Vcpkg 2020.04 Update and Product Roadmap

This post has been republished via RSS; it originally appeared at: Microsoft Developer Blogs.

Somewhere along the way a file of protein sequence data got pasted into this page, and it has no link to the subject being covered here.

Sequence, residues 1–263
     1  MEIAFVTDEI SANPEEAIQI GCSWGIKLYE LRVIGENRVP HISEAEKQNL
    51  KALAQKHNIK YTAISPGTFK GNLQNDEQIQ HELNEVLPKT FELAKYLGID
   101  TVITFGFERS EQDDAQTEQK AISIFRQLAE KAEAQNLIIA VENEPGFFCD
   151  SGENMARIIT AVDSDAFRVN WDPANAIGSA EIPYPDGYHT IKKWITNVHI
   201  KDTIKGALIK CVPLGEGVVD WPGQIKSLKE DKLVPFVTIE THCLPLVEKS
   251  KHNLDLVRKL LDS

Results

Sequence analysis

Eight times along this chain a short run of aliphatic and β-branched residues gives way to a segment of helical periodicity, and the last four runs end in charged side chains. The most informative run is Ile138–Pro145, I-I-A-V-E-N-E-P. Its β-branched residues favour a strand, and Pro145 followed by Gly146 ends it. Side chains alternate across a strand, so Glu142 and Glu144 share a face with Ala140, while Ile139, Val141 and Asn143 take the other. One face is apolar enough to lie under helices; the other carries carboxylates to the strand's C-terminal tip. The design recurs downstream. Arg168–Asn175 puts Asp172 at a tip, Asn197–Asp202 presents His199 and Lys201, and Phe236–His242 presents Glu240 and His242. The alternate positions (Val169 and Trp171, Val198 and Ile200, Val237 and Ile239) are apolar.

This is the April 2020 blog post on vcpkg, the cross-platform, open source C/C++ library manager. In this post, we will share some information on the 2020.04 release of vcpkg and discuss the vcpkg product roadmap, which we are publishing and will keep up to date over time. To try out vcpkg for yourself and save yourself some time acquiring your project dependencies, follow the instructions on our GitHub repository.   March Vcpkg Activity We want to start by thanking our contributors to the vcpkg project on GitHub. The following people contributed PRs that were merged to the master branch in March, not including contributions from the core vcpkg engineering team at Microsoft or our partner team at Beyondsoft: kreuzerkrieg Rémy Tassoux (RT222) Alexander Neumann (Newmann-A) Daniel Parker (danielaparker) Bill Avery (wravery) Carlos O'Ryan (coryan) Park DongHa (luncliff) Koby Kahane (kobykahane) Wolfgang Stöggl (C72578) Dmitry Marakasov (AMDmi3) Kevin Lu (kevinlul) Jonathan Hale (Squareys) Silvio Traversaro (traversaro)   We now have 826 total unique contributors. Thank you for taking the time to build a better library management tool! We are always looking for more contributions – if you want to help out, check out our Contribution Guidelines.   2020.04 Release This month, we released the 2020.04 update to vcpkg. The release includes several updates to our documentation, a number of product improvements, the addition of 5 new libraries (which we refer to as ‘ports’), and updates to 69 existing ports. The following remarkable changes have been made to vcpkg: (#9446) vcpkg_from_git: Add support for git over ssh (by @marcrambo) (#10271) Android Support: Exporting to Android Archive (AAR) (by @atkawa7) (#10395) [vcpkg] Make configure meson sane and work for all targets. (by @Neumann-A) (#10398) [vcpkg] New policy: SKIP_ARCHITECTURE_CHECK. (by @Neumann-A) (#6275) Add initial iOS support (by @alcroito) (#10817) [vcpkg] Add x-set-installed command (by @strega-nil) (#10521) [vcpkg] Add initial JSON support (by @strega-nil) The following 5 new libraries have been added: skyr-url (v1.5.1) boringssl (v2020-04-07) quadtree (v2020-04-13) avisynthplus (v3.5.0) c4core (v2020-04-12) In total, we now support 1322 libraries in the main vcpkg library catalog. Broken down by build configuration (which we also refer to as ‘triplets’), the counts stand as follows: triplet ports available x64-windows 1218 x86-windows 1202 x64-windows-static 1130 x64-linux 1104 x64-osx 1041 arm64-windows 842 x64-uwp 654 arm-uwp 625   For an exhaustive list of all changes, check out our Releases page on GitHub.   Vcpkg Product Roadmap Going forward, we will publish a roadmap on. While we will continue to support new libraries and improving our port count on Linux and macOS, we will also be adding new capabilities to the product based on your feedback and suggestions The following represents our prioritized backlog of experiences we plan to enable: Vcpkg will allow you to cache library binaries to reduce installation times on other machines. Today, vcpkg downloads source code to your machine and builds it locally. This allows you to produce a binary that is validated against your build requirements and is compatible with your project. But there are instances where the same library, built the same way, is required on multiple machines. Some examples include a continuous integration setup with several build machines, or multiple developers collaborating on the same project from their local dev boxes. Going forward, vcpkg will allow you to do one local build then cache the produced binaries to a file share or binary hosting service of your choice (e.g. Azure Artifact Storage). The next time a “vcpkg install” command is run on another machine, vcpkg will be able to download the pre-build binary directly from the cache instead of running another build. This can save significant time, especially for larger projects with many build machines. Vcpkg will give you more flexibility by letting you specify the versions of libraries to install. By default, vcpkg provides a catalog of over 1300 libraries that are all tested against each other for compatibility at a specific snapshot in time. This means you can pick and choose which dependencies you need without worrying about version conflicts, but it also takes away the flexibility of being able to lock yourself to older versions of specific libraries. We believe a good package manager should be flexible for advanced users, so we will enable a way for users to specify library versions during installs. If you understand your dependency graph and are willing to take on some of the responsibility for compatibility testing, you will be able to stay on older versions as long as you want. We will continue to run our own tests on the catalog, even at some different version levels for different libraries, but due to the extreme combinatoric possibilities here we will not have 100% coverage. Vcpkg will support a manifest file that can specify all your dependencies declaratively and can be checked into source control. The idea is straightforward: you specify your dependencies, versions, and where they can be acquired from (in the case of private dependencies) in a file called vcpkg.json. That file can exist as part of your source code repo, and vcpkg can read the file to immediately acquire everything you need in a consistent way, every time. Vcpkg will allow you to easily install packages from multiple sources. Today, vcpkg is primarily used to download a suite of popular open source libraries. We have over 1300 libraries available, but there are many private 1st party libraries used in enterprise environments and other smaller libraries that are not in our catalog. The goal with this feature is to make it easy to specify a place where libraries exist so you can download them with vcpkg. This way, vcpkg can manage ALL your dependencies, not just your open source ones. While teams will need to spend some time setting up this federated environment for their packages, in the long run it can save everyone time when they set up their development and continuous integration environments. Vcpkg will be shipped with Visual Studio and Visual Studio Code. In Visual Studio, vcpkg will be included in all C++ workloads, while for Visual Studio Code, it will be shipped as part of the C++ extension. Both environments already have some support for vcpkg today, and we will continue improving on that integration going forward. The goal is to have a streamlined experience for acquiring your library dependencies when using these environments, and the first step is having the package manager already there so you can start using it right away. This roadmap is also published on our GitHub repo wiki, and will be kept up to date there. We will also start publishing technical specifications for these features there; keep an eye out for that in the coming days/weeks.   We welcome your feedback We look forward to hearing from you about what we are working on. If you would like to reach us, please use the comments below or email visualcpp@microsoft.com. Visit our page on GitHub if you would like to file issues or contribute to the project.